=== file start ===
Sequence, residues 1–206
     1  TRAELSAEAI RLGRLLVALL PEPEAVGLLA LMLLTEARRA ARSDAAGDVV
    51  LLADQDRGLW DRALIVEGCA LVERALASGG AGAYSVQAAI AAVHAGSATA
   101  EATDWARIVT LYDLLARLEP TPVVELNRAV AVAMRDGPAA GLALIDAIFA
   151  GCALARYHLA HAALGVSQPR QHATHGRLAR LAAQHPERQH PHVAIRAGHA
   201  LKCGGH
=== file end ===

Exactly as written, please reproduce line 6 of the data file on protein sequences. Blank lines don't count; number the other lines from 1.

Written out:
   201  LKCGGH